State Senate Moves to Let Schools Opt Out of Common Core
Unable to kill outright the Common Core standards they dislike, state senators now are moving to let schools opt out. Arizona Public Radio’s Howard Fischer reports.
On a voice vote Wednesday, the Senate approved two different measures. While the wording and methodology are different, both allow local school boards and charter-school operators to decide not to implement the standards. The moves come a week after the Senate refused to absolutely forbid Arizona from implementing the Common Core standards adopted by the National Governors Association. But, suspicion of the standards as some sort of nationally imposed mandate remains. Senate President Andy Biggs:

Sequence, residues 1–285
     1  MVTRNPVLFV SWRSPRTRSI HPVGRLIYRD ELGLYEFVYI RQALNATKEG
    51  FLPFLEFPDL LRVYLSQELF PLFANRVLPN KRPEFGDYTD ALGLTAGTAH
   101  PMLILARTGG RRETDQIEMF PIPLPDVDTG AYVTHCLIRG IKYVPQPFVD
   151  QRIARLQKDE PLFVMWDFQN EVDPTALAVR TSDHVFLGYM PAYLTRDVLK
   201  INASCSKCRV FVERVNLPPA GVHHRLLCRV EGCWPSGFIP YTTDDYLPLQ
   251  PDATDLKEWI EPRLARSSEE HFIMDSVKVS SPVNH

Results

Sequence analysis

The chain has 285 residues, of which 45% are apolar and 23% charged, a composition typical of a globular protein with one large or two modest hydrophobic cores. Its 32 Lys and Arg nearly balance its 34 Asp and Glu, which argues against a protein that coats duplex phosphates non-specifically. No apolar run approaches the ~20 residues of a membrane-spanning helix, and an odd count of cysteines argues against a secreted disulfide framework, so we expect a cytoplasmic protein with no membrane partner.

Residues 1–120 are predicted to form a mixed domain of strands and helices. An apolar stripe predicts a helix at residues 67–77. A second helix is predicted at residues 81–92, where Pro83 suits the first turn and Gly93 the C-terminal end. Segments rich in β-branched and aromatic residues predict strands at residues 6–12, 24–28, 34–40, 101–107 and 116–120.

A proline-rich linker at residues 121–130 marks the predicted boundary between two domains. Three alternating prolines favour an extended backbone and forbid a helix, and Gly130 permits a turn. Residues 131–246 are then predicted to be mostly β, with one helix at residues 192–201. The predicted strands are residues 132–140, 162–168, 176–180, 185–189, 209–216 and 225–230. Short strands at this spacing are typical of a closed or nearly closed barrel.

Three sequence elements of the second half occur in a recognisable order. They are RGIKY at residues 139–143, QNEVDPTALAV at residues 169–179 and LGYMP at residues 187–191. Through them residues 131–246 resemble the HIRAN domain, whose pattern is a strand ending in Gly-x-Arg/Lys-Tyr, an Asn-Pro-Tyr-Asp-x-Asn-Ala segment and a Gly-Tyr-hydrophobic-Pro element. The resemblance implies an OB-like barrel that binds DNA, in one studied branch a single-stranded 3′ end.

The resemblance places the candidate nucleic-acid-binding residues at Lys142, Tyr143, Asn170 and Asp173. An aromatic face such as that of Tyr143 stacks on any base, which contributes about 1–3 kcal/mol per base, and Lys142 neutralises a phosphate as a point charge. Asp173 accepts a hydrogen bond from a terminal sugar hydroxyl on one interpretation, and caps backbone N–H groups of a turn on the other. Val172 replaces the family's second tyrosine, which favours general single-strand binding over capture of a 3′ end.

“The federal education department is actually urging that the GED, the SAT and the ACT get in line with the Common Core standards. But what is that? That is a further nationalization of the education system,” Biggs said.
Sen. David Farnsworth said he’s not a big fan of standards, but understands some may think they’re necessary.
“I think if we are going to have standards they ought to be home-grown Arizona standards,” Farnsworth said.
Both measures face an uncertain future. Most major business organizations support Common Core as a method of ensuring that students graduate from high schools with the skills they need either to get a job or go on for higher education. And, Gov. Jan Brewer, who has been supportive of the standards, has suggested she would veto any attempt to dilute them.